Michael Winterbottom’s fictionalised account of the Amanda Knox trial appears to present its mission statement early on, with Kate Beckinsale explaining, “You can’t tell the truth unless you make it a fiction.” Unfortunately, The Face of an Angel – which turns out, in fact, to be a a fictional film about the making of a fictional film about a real tragedy – is less interested in telling truth than luxuriating in the story of, to quote the script, “a middle-aged man (Daniel Brühl) who’s lost his way.”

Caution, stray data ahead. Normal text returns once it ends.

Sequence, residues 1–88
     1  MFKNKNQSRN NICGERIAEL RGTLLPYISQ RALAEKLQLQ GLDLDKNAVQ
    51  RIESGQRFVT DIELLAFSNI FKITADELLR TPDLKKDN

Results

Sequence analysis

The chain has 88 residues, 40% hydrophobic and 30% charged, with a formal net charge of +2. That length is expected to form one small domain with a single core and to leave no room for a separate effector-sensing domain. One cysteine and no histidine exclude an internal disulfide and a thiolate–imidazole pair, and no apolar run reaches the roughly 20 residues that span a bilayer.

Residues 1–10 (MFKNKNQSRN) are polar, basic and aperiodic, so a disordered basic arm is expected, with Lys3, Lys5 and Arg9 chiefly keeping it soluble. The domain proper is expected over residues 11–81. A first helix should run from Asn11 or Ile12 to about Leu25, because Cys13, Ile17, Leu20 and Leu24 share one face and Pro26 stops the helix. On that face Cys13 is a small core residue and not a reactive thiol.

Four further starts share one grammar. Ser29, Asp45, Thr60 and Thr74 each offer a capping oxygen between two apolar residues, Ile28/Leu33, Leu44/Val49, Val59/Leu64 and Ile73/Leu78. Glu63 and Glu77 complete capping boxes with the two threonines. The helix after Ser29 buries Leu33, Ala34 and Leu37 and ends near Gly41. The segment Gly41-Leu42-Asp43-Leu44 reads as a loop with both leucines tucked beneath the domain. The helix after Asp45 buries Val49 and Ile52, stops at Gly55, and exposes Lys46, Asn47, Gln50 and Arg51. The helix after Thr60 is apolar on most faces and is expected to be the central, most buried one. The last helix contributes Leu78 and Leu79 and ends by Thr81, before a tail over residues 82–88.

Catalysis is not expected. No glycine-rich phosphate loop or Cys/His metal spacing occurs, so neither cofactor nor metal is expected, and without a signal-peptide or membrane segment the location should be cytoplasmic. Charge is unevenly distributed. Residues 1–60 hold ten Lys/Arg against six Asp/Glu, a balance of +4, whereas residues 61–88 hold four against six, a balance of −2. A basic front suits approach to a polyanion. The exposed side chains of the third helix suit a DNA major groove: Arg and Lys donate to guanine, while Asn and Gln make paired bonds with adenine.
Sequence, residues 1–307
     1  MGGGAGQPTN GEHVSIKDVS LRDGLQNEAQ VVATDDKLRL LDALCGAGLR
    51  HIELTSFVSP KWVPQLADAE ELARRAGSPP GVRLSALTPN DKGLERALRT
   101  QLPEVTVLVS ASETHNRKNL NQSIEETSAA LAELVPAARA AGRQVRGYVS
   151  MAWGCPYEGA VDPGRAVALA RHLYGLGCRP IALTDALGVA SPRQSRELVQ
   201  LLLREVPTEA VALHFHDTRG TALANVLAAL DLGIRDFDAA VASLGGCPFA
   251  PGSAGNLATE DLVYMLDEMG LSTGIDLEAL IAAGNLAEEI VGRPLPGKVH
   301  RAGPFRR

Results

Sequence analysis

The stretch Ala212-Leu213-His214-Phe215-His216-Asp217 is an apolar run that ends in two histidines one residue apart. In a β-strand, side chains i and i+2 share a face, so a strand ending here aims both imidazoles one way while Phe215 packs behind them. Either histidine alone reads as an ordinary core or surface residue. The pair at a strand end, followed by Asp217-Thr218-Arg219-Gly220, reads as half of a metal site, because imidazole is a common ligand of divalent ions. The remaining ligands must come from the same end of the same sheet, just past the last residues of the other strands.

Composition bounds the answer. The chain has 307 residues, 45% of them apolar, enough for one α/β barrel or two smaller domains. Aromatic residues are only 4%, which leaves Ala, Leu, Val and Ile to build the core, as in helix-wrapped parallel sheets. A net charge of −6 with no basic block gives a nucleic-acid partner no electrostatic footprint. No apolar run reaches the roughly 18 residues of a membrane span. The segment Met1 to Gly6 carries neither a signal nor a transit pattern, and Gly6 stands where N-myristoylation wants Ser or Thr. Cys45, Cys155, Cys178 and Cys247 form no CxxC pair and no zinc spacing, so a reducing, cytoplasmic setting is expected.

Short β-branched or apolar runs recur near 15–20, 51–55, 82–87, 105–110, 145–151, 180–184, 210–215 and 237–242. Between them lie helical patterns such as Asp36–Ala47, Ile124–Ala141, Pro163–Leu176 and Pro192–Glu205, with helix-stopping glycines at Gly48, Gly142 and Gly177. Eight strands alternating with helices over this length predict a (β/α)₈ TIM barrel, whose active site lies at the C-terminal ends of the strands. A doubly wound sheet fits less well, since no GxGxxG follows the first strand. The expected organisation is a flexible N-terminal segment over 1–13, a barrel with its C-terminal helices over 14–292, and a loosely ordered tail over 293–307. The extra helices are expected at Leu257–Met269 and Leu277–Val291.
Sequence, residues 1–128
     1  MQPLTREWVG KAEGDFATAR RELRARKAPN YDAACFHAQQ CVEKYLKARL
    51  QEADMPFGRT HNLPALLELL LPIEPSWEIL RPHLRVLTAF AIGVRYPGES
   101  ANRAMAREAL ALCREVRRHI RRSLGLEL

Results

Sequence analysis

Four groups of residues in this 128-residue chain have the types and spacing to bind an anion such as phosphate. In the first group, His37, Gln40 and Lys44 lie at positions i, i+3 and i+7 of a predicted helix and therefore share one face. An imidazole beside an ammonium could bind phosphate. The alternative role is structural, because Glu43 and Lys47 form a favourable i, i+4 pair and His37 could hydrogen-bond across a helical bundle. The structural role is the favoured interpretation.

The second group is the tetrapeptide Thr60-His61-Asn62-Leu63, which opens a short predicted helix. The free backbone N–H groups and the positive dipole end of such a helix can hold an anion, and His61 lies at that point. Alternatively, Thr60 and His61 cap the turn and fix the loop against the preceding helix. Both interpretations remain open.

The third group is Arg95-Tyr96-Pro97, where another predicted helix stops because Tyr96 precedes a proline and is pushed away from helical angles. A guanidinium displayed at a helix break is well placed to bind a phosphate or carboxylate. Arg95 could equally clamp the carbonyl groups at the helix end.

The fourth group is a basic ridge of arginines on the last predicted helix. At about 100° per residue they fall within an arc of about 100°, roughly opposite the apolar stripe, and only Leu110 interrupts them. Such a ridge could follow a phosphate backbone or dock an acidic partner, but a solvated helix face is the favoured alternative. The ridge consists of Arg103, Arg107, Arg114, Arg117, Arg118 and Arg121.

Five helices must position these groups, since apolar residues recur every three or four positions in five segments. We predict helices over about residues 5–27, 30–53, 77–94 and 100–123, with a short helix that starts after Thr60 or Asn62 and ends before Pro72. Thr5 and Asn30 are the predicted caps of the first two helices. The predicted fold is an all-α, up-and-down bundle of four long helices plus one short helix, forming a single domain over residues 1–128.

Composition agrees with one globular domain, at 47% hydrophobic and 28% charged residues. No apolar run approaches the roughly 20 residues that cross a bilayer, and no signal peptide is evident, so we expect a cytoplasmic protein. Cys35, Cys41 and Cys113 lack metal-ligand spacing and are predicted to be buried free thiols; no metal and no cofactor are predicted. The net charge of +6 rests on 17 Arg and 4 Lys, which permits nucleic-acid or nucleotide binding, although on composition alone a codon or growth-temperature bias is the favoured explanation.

Attempts at Adaptation.-esque self-reflexivity, or a kaleidoscopic approach to veracity à la Zodiac, fall consistently flat. The film feels like a meandering, feature-length act of denial, burdened with an inability to approach the case objectively and dispassionately. Like Amy, it sneers at the same media frenzy it ultimately aims to profit from; it rankles at ‘sex sells’ one moment, then lingers on Kate Beckinsale sex scenes, or Cara Delevingne cavorting in her underwear.
It’s formally atrocious, too; the ubiquitous Dutch angles are nauseous rather than unnerving, it seems to be aiming for this claustrophobic, hallucinatory tone but misses the mark. The Face of Angel desperately strives for meaning but sure as hell doesn’t find any.